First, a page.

August 7, 2004
To Whom It May Concern:
I am a special education teacher at Trigg County Middle School in Cadiz, Kentucky. Over the past two years, I have had the opportunity and privilege to observe and assist Special Needs students in the Trigg County Archery program. I can say wholeheartedly that this is the most beneficial sports program I have ever witnessed.
I have watched students who have previously experienced little success in their lives become champions in the eyes of their peers and community. Participating with their non-disabled peers allows my students to experience inclusion in a way that is difficult to achieve in the classroom. Additionally, archery helps these individuals to improve motor skills, acquire self-discipline, and refine thought processes. These newly acquired skills transfer to the classroom and are evidenced by academic success, increased self-esteem, and improved behavior.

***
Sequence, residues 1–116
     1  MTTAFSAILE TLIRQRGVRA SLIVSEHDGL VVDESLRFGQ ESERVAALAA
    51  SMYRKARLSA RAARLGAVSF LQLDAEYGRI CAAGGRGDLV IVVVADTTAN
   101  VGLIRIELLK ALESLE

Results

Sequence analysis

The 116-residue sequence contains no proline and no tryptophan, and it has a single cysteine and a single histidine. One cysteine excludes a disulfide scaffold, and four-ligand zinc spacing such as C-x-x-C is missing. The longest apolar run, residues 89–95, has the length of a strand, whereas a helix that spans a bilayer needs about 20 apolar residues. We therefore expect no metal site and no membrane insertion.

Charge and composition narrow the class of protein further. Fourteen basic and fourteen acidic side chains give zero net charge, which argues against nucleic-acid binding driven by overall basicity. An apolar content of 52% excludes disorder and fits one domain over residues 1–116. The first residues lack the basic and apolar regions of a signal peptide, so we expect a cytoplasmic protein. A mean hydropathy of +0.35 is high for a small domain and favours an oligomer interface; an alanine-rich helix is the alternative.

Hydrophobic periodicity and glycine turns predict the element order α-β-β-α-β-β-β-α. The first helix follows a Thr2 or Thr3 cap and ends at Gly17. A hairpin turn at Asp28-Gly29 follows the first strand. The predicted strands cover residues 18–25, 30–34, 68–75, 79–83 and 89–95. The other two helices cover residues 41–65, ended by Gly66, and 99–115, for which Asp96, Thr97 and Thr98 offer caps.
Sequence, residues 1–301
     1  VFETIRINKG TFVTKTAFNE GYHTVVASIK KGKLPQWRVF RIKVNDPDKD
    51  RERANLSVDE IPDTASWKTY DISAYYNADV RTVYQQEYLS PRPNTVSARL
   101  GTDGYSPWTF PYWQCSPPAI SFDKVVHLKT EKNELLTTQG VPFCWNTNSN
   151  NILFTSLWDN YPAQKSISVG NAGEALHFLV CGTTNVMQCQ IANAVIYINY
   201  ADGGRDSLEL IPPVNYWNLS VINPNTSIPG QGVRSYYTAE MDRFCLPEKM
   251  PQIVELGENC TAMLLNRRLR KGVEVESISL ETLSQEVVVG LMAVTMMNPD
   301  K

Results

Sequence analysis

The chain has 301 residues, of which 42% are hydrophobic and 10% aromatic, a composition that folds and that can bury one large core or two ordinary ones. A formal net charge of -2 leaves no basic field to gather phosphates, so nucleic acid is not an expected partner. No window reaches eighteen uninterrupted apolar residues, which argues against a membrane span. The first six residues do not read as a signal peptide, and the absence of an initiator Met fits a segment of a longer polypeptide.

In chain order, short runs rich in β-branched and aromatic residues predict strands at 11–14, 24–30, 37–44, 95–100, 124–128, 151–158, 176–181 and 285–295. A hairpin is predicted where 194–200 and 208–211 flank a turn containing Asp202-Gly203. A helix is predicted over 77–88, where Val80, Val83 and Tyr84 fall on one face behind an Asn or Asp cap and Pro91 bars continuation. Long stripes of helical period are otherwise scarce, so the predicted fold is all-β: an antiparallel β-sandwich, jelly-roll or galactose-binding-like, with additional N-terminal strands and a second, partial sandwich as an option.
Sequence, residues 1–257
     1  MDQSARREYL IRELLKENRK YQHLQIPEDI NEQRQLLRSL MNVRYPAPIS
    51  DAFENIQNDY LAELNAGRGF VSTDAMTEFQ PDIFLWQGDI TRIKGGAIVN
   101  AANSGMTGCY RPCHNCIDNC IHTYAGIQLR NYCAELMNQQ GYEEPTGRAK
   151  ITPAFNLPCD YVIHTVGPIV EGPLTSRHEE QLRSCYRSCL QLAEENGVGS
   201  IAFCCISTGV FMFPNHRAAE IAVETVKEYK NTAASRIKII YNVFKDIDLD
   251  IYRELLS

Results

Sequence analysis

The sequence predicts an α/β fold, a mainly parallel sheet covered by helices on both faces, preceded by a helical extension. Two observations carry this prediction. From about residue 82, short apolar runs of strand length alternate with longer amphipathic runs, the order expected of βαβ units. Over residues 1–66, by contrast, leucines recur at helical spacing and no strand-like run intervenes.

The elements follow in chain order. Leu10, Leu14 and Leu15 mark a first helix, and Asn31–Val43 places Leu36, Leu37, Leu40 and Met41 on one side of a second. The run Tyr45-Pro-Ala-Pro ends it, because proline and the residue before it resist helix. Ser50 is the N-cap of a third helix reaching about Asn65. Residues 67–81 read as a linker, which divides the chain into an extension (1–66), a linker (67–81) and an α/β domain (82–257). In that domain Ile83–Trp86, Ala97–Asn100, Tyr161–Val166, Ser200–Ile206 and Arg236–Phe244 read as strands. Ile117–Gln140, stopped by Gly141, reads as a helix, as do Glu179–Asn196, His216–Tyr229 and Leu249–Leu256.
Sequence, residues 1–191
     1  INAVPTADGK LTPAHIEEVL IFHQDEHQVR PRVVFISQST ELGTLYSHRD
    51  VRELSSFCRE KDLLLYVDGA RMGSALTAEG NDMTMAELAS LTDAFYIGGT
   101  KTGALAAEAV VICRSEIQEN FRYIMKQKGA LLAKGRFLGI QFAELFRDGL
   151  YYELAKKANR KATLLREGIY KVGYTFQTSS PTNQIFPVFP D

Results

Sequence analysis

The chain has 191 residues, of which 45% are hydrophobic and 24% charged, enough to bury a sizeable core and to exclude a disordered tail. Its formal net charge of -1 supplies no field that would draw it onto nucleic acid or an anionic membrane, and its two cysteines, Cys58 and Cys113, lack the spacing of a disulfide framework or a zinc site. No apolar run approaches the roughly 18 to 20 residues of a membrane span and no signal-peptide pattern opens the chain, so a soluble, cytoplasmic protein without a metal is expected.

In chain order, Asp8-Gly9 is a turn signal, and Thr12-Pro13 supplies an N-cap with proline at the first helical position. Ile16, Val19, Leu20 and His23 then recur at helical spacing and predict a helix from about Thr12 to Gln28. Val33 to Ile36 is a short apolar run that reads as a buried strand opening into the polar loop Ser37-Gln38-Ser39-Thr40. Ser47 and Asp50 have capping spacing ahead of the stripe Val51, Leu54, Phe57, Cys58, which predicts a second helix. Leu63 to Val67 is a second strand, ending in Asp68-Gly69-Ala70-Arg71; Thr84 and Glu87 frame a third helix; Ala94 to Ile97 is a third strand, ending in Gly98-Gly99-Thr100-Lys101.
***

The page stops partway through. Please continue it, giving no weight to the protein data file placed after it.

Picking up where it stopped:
A shining example of this is a young man who recently lost use of his hand in a gun accident. Archery was so important to him that he asked his doctors to rebuild his hand to hold his bow. Within months of his accident, he became top high school shooter in the nation. He claimed the title again this year and has since been approached by Olympic officials.
Another example is a middle school student who has severe learning, communication, and motor difficulties. His newly acquired archery skills and enthusiasm helped his team place second in the 2004 Nationals. On his own, he achieved academic excellence and received numerous school awards for classroom performance. He is truly a champion in the eyes of his peers.
These are only two of the many examples I could give. I have been so moved by the successes of my students, that I have learned to shoot a bow and taken training to become a coach despite a lack of athletic interest or involvement throughout my lifetime. I will continue to encourage all of my students to join the archery club.
Special Education Teacher
Trigg County Middle School